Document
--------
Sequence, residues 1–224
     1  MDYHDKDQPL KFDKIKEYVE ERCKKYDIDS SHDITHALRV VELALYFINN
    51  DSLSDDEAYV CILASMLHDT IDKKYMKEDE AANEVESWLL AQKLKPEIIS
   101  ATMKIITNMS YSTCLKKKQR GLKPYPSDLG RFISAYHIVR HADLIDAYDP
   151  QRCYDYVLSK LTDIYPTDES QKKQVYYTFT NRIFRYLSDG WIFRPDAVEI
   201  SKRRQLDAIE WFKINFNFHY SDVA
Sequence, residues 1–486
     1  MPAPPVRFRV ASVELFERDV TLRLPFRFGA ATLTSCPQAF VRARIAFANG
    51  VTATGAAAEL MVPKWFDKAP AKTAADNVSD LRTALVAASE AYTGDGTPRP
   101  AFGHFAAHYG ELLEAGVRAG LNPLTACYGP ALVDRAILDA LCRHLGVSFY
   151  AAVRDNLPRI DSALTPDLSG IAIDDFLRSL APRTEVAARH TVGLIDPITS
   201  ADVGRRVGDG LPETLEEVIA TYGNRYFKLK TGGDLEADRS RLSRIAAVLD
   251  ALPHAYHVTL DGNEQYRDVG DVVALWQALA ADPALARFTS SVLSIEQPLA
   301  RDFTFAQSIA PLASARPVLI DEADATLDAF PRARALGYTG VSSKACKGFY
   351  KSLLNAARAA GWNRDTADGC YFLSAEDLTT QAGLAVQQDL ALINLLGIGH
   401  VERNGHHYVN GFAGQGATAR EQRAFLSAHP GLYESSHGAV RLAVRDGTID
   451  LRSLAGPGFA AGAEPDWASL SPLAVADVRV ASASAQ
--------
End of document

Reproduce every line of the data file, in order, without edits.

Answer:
Sequence, residues 1–224
     1  MDYHDKDQPL KFDKIKEYVE ERCKKYDIDS SHDITHALRV VELALYFINN
    51  DSLSDDEAYV CILASMLHDT IDKKYMKEDE AANEVESWLL AQKLKPEIIS
   101  ATMKIITNMS YSTCLKKKQR GLKPYPSDLG RFISAYHIVR HADLIDAYDP
   151  QRCYDYVLSK LTDIYPTDES QKKQVYYTFT NRIFRYLSDG WIFRPDAVEI
   201  SKRRQLDAIE WFKINFNFHY SDVA
Sequence, residues 1–486
     1  MPAPPVRFRV ASVELFERDV TLRLPFRFGA ATLTSCPQAF VRARIAFANG
    51  VTATGAAAEL MVPKWFDKAP AKTAADNVSD LRTALVAASE AYTGDGTPRP
   101  AFGHFAAHYG ELLEAGVRAG LNPLTACYGP ALVDRAILDA LCRHLGVSFY
   151  AAVRDNLPRI DSALTPDLSG IAIDDFLRSL APRTEVAARH TVGLIDPITS
   201  ADVGRRVGDG LPETLEEVIA TYGNRYFKLK TGGDLEADRS RLSRIAAVLD
   251  ALPHAYHVTL DGNEQYRDVG DVVALWQALA ADPALARFTS SVLSIEQPLA
   301  RDFTFAQSIA PLASARPVLI DEADATLDAF PRARALGYTG VSSKACKGFY
   351  KSLLNAARAA GWNRDTADGC YFLSAEDLTT QAGLAVQQDL ALINLLGIGH
   401  VERNGHHYVN GFAGQGATAR EQRAFLSAHP GLYESSHGAV RLAVRDGTID
   451  LRSLAGPGFA AGAEPDWASL SPLAVADVRV ASASAQ